Another tactic that may help bring the issues to a comfortable level is to compare the policy to other contracts jurors may have entered into. Outlining the limits and duties imposed by contracts that jurors may be more familiar with, such as a purchase agreement for a car, or a lease agreement for an apartment, may also help jurors realize that there are also limitations and duties imposed by insurance contracts, just like the contracts with which they are more familiar.

Additionally, working backward from the result being sought provides a road map for a streamlined argument and helps create a unifying theme throughout the litigation. Starting from the verdict form or jury instructions helps to keep concentration on the elements that need to be established or explained.

5. Apply Basic Jury Concepts

Basic concepts of persuasion, which apply to all jury litigation, can also be used effectively in a coverage case. Fairness must be stressed and run as a theme throughout the presentation of the coverage case. Jurors want to be fair and will try their best to do so. Additionally, any obvious weaknesses in the case should be addressed. Holes in the case, if not admitted to or explained, will create doubt.

Presenting a coverage case to a jury is sometimes unavoidable, but need not be too difficult or incomprehensible for jurors. Carefully questioning and selecting potential jurors, along with presenting a simple yet logical argument, while humanizing the insurance company, can help achieve a successful presentation of the case in the courtroom and, with that, a successful result.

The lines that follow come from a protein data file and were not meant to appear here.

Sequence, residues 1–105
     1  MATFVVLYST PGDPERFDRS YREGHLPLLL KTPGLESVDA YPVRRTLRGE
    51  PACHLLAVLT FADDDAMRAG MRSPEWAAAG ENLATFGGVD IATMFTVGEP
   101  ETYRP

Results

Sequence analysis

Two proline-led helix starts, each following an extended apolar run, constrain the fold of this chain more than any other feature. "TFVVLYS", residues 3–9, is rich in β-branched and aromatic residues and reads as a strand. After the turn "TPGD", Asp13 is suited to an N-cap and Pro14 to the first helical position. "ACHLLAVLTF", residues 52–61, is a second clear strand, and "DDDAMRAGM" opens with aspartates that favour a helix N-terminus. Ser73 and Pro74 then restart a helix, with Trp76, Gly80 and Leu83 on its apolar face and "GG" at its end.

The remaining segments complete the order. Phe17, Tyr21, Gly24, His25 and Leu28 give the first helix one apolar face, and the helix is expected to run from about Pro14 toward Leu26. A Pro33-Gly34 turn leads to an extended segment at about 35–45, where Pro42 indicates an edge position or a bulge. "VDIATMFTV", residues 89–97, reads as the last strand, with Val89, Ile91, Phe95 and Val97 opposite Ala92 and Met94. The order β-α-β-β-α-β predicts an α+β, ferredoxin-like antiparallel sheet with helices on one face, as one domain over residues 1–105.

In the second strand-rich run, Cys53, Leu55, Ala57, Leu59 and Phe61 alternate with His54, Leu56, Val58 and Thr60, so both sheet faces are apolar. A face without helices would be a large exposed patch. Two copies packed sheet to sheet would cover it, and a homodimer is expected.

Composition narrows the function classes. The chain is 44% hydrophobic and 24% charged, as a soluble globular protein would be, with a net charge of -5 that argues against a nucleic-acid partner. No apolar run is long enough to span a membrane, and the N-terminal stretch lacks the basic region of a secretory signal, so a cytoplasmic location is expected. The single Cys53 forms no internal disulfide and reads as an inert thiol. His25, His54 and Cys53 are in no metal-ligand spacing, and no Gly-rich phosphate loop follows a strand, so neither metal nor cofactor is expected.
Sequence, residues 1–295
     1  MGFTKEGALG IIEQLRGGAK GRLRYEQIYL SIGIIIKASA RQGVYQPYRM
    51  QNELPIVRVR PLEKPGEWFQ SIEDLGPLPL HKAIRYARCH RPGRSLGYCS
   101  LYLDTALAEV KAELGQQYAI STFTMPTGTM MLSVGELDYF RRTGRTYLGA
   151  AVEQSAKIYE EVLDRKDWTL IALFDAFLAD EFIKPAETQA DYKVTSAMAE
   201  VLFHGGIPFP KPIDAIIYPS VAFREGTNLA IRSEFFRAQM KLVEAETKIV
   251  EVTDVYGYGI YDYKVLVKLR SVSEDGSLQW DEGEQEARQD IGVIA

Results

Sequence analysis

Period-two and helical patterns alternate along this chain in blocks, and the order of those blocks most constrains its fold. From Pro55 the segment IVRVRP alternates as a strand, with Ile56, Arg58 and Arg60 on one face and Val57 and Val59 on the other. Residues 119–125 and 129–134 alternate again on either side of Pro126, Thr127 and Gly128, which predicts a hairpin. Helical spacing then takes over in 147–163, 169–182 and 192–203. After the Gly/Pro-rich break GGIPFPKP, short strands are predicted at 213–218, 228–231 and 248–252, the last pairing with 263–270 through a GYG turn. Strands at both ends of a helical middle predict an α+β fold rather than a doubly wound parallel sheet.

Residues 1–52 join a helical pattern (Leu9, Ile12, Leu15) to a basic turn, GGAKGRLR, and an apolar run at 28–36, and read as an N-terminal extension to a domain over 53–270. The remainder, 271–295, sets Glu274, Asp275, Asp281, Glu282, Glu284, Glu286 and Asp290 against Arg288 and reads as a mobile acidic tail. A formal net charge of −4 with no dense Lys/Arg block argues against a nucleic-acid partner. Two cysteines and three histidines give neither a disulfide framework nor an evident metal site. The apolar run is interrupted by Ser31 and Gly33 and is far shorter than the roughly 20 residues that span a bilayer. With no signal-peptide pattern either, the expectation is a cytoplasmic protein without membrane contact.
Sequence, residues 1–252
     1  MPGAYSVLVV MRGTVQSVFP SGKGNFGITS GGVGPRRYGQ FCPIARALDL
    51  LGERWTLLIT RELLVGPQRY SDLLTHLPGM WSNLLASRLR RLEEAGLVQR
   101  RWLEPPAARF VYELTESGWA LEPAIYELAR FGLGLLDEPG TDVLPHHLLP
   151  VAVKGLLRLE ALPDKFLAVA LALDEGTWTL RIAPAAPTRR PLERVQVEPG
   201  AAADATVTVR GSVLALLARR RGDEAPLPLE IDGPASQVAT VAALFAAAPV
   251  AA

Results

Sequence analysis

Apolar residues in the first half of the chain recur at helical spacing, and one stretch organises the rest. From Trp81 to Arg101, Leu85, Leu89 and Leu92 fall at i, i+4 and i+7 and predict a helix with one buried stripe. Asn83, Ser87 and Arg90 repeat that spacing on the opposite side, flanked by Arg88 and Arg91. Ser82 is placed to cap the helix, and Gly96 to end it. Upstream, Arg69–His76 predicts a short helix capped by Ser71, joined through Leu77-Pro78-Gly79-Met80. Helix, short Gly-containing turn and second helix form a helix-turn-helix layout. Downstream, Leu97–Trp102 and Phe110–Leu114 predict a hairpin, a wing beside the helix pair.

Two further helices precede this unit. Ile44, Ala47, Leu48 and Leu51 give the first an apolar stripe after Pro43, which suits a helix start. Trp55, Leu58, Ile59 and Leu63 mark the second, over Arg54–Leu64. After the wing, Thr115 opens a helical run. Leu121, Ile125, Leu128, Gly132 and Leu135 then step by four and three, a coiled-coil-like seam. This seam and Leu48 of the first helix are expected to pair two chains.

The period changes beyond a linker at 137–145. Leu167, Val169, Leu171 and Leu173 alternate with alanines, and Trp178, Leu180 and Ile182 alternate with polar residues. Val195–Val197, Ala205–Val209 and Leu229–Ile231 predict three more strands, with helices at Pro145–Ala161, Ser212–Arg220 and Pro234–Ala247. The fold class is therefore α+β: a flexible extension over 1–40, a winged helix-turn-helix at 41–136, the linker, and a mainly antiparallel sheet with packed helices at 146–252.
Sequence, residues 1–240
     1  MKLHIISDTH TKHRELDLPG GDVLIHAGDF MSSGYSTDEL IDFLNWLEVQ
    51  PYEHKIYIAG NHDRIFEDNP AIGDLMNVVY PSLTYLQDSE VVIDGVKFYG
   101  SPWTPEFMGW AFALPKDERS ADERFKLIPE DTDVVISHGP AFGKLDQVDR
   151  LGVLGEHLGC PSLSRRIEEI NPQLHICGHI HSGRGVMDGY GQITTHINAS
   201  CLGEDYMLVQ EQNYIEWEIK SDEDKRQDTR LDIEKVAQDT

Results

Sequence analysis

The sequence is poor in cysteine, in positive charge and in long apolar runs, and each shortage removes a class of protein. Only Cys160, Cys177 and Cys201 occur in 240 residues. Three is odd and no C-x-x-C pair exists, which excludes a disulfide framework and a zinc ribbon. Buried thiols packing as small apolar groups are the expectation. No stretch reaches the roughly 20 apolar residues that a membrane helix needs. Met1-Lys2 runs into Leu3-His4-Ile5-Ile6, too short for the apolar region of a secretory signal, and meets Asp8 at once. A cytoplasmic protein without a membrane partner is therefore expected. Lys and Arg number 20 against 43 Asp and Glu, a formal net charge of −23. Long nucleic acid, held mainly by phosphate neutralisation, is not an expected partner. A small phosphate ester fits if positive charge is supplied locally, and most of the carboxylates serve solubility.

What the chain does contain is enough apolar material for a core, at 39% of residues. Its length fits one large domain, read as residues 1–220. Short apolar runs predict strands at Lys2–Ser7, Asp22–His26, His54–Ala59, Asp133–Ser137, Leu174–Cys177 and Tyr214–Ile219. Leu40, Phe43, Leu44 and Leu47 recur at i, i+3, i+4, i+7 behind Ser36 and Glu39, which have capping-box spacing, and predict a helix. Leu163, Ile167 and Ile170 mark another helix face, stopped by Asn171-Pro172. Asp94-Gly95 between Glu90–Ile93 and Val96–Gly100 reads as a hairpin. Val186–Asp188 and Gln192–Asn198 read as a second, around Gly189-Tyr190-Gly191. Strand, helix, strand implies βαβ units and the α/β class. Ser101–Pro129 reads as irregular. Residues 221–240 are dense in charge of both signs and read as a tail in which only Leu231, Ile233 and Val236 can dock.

company

How to Build a Fail-Fast Culture

There’s a lot of talk these days about how failure is not just fine but fantastic.

Tech companies famously tout “fail fast”-style mantras. One of Facebook’s guiding principles is “Done is better than perfect.” Many start-up founders are known for having built companies that failed before finding long-term success.

The philosophy of encouraging mistakes and quickly learning from them complements the design-thinking movement. In this way of thinking, you’re encouraged to launch quickly, shipping imperfect product and iterating based on customer feedback.

But what role can this approach play in a slow-moving, large company? After all, many of the small start-ups that encourage fast failure will grow quickly, and maintaining that kind of culture as it scales is tricky. How do you treat not-quite-perfect, disappointing or outright failed ideas and projects as acceptable among hundreds or thousands of employees?

Here are a few guiding principles for instilling an innovative, fail-fast philosophy in a larger organization.